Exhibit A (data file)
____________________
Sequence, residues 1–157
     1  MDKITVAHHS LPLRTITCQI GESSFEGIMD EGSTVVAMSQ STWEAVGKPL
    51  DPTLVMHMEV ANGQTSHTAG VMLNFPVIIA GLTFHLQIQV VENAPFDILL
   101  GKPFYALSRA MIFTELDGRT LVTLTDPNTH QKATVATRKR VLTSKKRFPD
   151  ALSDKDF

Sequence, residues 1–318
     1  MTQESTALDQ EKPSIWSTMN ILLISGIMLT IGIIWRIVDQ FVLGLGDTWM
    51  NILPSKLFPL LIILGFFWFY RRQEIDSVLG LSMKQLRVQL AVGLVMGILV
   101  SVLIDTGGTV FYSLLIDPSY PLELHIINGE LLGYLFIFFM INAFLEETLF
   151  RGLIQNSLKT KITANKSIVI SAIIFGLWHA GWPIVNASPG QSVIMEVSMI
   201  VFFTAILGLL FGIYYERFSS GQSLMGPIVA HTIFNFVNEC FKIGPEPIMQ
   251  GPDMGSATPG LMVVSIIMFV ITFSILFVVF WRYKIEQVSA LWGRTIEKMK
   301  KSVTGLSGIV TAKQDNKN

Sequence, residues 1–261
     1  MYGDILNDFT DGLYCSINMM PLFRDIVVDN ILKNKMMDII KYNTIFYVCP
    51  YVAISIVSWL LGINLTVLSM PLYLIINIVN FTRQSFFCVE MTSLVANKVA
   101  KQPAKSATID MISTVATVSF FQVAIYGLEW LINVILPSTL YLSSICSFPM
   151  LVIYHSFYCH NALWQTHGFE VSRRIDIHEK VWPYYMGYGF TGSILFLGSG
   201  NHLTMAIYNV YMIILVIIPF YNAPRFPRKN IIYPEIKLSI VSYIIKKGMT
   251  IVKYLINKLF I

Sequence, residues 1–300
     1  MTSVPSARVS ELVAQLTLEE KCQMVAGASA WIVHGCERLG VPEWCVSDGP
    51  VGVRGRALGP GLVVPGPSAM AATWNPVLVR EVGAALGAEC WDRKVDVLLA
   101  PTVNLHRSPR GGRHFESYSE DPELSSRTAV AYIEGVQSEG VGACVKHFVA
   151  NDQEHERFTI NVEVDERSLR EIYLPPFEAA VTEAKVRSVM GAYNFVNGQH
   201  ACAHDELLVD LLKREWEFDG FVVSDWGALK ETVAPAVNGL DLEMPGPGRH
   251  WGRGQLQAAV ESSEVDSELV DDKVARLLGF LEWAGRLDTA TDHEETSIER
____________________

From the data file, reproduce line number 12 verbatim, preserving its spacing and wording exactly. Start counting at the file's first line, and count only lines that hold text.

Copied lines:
   251  GPDMGSATPG LMVVSIIMFV ITFSILFVVF WRYKIEQVSA LWGRTIEKMK